Illinois nursing home neglect lawyers strongly support efforts to improve the level of care provided in nursing homes. According to a recent article in the Sacramento Bee, about 2,000 Illinois nursing home workers joined in simultaneous pickets at 50 different homes in the state. Many of them held signs urging their employers to make residents the topmost priority and invest more money in resident care.
As a licensed practical nurse at one of the Chicago area nursing homes explained, understaffing is a serious problem at local facilities. This means that residents are unable to get the standard of care and attention they deserve because employees are spread too thin. Extreme workloads are tiring out caregivers before they can deliver the quality of care that residents deserve. The workers claim that constant short-staffing, high rates of worker turnover, and a shortage of sufficient supplies are affecting the quality of care they can provide.
Although many nursing homes strive to deliver quality care, unfortunately, vulnerable residents continue to suffer. A nursing home lawsuit can help victims of nursing home negligence and abuse. Recently, the family of a 90-year-old nursing home resident who was killed by a falling cabinet in her nursing home received a huge settlement. A WABC investigation revealed that the cabinet was not properly installed.
Nursing home staffers claimed that it was a freak accident, and the first of its kind at the home. However, further investigation uncovered two other similar incidents of residents who were severely harmed by falling cabinets.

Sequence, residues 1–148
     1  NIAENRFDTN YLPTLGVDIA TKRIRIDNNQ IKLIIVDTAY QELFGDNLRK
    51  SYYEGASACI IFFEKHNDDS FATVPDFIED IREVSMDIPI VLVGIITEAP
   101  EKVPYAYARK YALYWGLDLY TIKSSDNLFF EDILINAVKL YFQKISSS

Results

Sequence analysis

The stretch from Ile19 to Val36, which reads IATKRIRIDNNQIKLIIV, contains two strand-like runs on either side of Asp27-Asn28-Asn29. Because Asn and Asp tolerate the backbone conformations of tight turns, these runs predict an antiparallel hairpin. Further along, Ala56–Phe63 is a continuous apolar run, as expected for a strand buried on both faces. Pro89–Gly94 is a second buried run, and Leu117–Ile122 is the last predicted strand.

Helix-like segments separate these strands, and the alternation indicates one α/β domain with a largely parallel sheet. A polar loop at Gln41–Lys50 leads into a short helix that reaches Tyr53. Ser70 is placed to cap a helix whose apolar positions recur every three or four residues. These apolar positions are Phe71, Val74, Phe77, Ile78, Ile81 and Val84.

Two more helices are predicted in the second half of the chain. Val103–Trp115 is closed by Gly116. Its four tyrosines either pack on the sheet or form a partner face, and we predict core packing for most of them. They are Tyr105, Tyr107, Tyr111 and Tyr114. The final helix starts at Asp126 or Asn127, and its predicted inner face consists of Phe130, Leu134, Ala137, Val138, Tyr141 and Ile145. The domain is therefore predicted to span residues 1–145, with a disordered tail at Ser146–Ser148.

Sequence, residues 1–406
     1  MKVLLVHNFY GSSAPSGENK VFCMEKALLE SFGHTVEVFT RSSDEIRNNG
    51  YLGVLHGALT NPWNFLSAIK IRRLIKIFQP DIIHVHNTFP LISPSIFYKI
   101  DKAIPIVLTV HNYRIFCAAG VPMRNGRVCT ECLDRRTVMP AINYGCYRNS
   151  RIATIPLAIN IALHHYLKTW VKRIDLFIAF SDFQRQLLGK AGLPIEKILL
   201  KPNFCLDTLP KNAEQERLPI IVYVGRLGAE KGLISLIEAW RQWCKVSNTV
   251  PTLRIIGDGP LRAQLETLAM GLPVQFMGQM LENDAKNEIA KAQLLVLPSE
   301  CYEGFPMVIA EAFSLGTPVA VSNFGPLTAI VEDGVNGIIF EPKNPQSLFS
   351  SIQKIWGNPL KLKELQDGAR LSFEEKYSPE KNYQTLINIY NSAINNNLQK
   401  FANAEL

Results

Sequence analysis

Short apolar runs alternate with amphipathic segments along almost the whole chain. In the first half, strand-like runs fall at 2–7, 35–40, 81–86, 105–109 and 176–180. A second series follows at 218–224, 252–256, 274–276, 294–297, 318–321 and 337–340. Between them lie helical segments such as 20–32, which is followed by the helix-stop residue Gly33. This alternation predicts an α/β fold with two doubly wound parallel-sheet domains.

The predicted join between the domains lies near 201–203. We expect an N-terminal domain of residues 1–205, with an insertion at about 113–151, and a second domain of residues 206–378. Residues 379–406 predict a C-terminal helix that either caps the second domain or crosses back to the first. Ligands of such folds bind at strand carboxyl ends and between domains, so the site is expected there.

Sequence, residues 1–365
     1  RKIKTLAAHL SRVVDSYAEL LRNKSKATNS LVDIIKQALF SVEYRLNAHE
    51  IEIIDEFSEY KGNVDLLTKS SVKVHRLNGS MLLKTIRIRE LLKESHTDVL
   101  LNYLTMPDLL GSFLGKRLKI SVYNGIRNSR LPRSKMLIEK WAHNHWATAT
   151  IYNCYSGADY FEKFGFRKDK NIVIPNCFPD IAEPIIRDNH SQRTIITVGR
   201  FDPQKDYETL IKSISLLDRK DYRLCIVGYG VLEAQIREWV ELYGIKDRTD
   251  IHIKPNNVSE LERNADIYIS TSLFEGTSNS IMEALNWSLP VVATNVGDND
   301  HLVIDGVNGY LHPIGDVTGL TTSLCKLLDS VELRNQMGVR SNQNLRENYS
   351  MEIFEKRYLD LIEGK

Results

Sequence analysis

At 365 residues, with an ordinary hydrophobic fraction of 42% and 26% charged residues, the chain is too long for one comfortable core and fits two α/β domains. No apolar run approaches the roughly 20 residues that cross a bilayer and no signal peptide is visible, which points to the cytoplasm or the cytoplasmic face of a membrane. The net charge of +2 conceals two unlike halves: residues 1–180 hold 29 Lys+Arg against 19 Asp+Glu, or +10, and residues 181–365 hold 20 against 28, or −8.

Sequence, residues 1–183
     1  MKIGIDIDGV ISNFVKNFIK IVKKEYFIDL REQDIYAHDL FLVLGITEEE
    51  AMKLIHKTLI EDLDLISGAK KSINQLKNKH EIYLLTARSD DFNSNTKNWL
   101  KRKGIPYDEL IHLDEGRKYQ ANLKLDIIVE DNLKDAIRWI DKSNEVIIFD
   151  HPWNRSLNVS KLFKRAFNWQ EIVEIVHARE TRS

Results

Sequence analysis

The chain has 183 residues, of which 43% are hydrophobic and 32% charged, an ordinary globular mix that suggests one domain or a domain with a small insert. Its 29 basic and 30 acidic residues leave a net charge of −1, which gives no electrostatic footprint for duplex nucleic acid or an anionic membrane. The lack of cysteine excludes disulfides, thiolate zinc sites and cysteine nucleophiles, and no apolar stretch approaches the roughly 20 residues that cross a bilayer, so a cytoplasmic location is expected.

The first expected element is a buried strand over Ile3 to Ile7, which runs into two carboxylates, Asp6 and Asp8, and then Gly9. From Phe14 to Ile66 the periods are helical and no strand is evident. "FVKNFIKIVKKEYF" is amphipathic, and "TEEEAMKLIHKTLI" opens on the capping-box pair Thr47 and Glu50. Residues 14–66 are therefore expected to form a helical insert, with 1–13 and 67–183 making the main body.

The victim’s attorney found that the cabinet maker actually had the warning label taken off all of the 360 newly fitted cabinets. The label warned installers to use anchoring devices in order to firmly attach the cabinets to the wall, which did not happen until the latest deadly fall.
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The county that owns the facility and the cabinet maker jointly paid close to $1 million to the victim’s family to compensate them for the gross negligence of the nursing home. Additionally, the head of the nursing home was terminated and the county was fined $17,000 for endangering resident safety and health.
In the latest inspection by the Department of Health and Human Services at the nursing home, at least 10 deficiencies were found. These included failure to make sure that the environment did not have any known, existing problems that could cause an accident.
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